When an inside unit includes a communication device operating according to the DECT standard, this DECT band corresponds to a band that is very noisy at the level of the inside unit and hence rather unreliable. The DECT band is represented in black on the transposed intermediate bands 204 and 205 and it may be seen that the noisy DECT band for a transposition carried out with an oscillator corresponds to a non-noisy band lying between 2036 and 2069 MHz for the transposition carried out with the aid of the other oscillator.

The limit of splitting of the transposition arises if the transposition frequencies are chosen so as to be spaced too far apart with respect to the reception band. The maximum limit of spacing between the oscillation frequencies is fixed by the width of the reception band, for example 2050 MHz, to which is added twice the bottom frequency of the intermediate band, that is to say twice 950 MHz, and to which is also added the difference, obtained with the example of FIG. 2, between the upper bound of the intermediate band which is 2150 MHz and the transposed upper band of the non-noisy band corresponding to a noisy band, that is to say 2069 MHz, i.e. 81 MHz.

Moreover, on the bottom part of the intermediate band there coexists the GSM band lying between 935 and 960 MHz. This band overlaps the intermediate band on the bottom part lying between 950 and 960 MHz. The GSM band may be disturbing when a GSM base station is situated in proximity to an LNB. Although less troublesome than the DECT band should a DECT apparatus be included in the inside unit, this GSM band may also be eliminated without any problem by shifting the oscillation frequencies.

It is possible to provide a safety margin around the DECT and GSM bands so as to be sure of not encroaching on a channel situated at the limit of the intermediate band. The example of FIG. 3 corresponds to a preferred example which circumvents the DECT and GSM bands while preserving a safety margin. The transposition frequencies are for example fixed at 9.72 GHz and 13.73 GHz. The reception band 300 lying between 10.7 GHz and 12.75 GHz is divided up as in the previous example into three subbands, the first lying between 10.7 and 11.58 GHz, the second lying between 11.55 and 11.87 GHz and the third lying between 11.87 and 12.75 GHz. The first and second subbands are transposed simultaneously and in an infradyne manner to the intermediate band between 980 and 2150 MHz with the aid of the oscillator of frequency 9.72 GHz. The second and third subbands are transposed simultaneously and in a supradyne manner to the intermediate band between 980 and 2150 MHz with the aid of the oscillator of frequency 13.73 GHz. The band is represented in an inverted manner for better comprehension since the effect of the supradyne transposition is to invert the spectrum. The person skilled in the art appreciates that the portion of the intermediate band which lies between 1860 and 2150 MHz and which is transposed with the aid of the two oscillators is of more reduced size but sufficient to circumvent the DECT band as explained previously, the image of the DECT band being located between 2106 MHz and 2129 MHz. The useful spectral width of the intermediate band is also reduced over its bottom part in order to distance it from the GSM band and to circumvent any interference problem related to this band.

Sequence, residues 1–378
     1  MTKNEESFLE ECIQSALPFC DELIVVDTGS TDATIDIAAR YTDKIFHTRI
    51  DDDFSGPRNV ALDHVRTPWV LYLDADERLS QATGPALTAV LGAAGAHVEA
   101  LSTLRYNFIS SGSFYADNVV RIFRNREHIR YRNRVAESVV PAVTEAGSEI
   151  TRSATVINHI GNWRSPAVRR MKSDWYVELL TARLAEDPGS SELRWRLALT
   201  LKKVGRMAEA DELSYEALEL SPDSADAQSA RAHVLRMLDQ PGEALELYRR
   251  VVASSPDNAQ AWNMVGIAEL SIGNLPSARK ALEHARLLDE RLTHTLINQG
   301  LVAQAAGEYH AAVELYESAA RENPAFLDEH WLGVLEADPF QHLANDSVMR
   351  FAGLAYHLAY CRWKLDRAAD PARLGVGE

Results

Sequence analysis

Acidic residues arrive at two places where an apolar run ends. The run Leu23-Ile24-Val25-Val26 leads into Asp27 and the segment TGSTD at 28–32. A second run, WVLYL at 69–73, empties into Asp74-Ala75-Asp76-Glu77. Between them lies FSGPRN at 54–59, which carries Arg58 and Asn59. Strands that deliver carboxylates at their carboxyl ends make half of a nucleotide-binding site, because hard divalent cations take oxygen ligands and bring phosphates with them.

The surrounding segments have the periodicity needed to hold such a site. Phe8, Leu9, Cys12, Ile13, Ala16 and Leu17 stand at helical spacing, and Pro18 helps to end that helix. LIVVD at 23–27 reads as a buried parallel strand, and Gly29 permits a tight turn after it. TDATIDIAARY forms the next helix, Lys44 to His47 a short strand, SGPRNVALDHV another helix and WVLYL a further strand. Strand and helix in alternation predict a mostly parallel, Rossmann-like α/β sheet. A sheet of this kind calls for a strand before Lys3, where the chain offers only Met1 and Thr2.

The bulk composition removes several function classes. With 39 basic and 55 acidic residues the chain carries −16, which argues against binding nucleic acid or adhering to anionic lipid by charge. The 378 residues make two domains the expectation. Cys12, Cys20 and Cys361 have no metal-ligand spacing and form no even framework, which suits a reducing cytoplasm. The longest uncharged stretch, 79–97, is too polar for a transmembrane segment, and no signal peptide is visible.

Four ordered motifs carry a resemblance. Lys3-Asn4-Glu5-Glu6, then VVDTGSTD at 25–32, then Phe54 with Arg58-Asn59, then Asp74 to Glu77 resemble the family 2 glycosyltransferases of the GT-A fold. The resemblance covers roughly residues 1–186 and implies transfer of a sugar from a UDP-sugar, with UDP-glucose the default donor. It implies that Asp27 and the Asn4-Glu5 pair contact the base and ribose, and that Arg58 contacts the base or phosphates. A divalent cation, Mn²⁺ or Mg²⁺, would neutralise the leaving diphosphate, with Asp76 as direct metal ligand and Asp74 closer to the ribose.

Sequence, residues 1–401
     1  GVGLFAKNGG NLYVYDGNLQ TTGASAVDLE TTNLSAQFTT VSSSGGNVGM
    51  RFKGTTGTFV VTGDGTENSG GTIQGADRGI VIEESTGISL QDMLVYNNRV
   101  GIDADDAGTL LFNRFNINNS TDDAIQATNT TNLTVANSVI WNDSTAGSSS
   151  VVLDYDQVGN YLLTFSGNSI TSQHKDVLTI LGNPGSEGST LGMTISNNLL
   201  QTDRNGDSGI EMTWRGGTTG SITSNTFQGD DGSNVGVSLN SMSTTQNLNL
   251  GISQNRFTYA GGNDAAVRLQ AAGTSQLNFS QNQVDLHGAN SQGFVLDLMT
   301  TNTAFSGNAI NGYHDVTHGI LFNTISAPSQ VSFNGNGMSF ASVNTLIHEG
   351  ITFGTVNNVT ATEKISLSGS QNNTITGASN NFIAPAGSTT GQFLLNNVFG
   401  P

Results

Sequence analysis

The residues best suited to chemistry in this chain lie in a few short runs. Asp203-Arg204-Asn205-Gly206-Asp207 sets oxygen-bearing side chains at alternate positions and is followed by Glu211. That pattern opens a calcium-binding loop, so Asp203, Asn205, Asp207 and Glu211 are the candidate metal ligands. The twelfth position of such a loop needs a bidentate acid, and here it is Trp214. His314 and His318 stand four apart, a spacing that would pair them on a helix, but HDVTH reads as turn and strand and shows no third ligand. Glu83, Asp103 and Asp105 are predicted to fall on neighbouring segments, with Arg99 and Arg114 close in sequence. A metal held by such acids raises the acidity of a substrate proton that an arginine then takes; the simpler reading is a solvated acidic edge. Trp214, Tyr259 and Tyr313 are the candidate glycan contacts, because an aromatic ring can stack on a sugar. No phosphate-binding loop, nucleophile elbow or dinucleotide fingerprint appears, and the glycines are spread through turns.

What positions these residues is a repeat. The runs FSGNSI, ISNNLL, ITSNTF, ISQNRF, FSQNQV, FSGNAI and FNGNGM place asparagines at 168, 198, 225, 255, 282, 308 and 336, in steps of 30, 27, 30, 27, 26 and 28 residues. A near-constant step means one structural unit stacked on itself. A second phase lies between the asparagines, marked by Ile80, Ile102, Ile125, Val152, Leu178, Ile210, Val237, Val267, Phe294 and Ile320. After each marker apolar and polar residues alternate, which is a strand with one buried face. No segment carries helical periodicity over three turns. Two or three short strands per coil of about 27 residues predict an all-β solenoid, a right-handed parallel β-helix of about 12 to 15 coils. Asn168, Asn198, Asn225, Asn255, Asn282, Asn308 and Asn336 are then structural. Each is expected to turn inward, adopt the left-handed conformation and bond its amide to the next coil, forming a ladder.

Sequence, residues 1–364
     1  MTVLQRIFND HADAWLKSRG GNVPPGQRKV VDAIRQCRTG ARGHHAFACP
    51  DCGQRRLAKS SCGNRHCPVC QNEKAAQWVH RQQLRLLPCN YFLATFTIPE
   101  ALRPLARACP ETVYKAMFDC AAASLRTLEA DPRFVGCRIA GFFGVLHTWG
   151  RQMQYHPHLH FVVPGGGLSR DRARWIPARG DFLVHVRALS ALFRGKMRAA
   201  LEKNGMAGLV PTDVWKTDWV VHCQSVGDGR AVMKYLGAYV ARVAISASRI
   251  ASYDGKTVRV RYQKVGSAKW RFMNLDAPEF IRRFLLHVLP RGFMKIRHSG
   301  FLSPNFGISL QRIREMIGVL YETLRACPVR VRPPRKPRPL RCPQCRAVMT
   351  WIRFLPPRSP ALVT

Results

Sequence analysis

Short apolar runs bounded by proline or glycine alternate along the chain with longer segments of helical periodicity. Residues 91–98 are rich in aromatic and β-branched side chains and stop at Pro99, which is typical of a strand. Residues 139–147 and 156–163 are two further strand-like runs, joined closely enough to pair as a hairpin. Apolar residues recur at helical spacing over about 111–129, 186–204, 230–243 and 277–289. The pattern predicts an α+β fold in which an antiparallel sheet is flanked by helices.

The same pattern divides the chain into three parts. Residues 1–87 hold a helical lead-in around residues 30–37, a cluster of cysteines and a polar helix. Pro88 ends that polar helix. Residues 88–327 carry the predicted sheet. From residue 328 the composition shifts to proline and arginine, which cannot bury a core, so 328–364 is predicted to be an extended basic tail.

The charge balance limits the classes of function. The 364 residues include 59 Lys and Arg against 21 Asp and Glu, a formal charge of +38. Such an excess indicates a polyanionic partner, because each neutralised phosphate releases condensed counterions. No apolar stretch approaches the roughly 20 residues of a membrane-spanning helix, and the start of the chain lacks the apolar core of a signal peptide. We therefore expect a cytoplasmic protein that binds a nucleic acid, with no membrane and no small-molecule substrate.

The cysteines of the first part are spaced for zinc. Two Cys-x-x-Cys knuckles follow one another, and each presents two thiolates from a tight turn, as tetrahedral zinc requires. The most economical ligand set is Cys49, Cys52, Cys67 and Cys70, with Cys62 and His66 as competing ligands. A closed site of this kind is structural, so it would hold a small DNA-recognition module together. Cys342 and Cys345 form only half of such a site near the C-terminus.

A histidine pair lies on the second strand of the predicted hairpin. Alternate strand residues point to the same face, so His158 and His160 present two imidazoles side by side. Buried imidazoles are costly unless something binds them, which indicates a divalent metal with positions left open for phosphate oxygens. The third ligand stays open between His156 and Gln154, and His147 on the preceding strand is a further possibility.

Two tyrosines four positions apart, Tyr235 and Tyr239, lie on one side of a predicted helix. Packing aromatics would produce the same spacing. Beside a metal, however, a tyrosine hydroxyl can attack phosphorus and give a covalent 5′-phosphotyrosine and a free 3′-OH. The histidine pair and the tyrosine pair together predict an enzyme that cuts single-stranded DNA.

The frequency transposition differs from the state of the art without however requiring any significant change at the level of the inside unit. Specifically, the scanning of the satellite band is performed in an alternate manner. With the aid of FIG. 3, the method of transposition will now be detailed. The reception band 300 is divided into first to fourth subbands 301 to 304. The first subband 301 lies between 10.7 and 11.58 GHz, this first subband is transposed with the aid of the 9.72 GHz transposition frequency since there are no other possibilities. The second subband 302 lies between 11.58 and 11.725 GHz, this second subband 302 is transposed with the aid of the 13.73 GHz transposition frequency so as to circumvent problems related to the DECT band which would arise if the 9.72 GHz frequency were used. The third subband 303 lies between 11.725 and 11.87 GHz, this third subband 303 is transposed with the aid of the 9.72 GHZ transposition frequency so as to circumvent problems related to the DECT band which would arise if the 13.73 GHz frequency were used. The fourth subband 304 lies between 11.87 and 12.75 GHz, this fourth subband 304 is transposed with the aid of the 13.73 GHz transposition frequency since there are no other possibilities.

The size of the second and third subbands 302 and 303 may vary since their widths are greater than the bands. It is also possible to make two adjacent subbands overlap slightly so as to be sure that the slicing of the reception band into subbands does not occur exactly in the middle of a transmitted channel.

The person skilled in the art will understand that the separation into four subbands, with the transposition frequencies as defined, corresponds to the minimum separation to be effected in order to circumvent the DECT band.

In the example chosen, the transposition frequencies are chosen symmetrically with respect to the reception band. It is not necessary to have a symmetry such as this. If it is more practical to choose nonsymmetric frequencies, for example for the sake of choosing a cheaper component, this is entirely possible if the conditions stated previously are complied with.

The person skilled in the art will understand that the invention is applicable with regard to each of the polarizations of the LNB as well as with regard to LNBs having only a single polarization.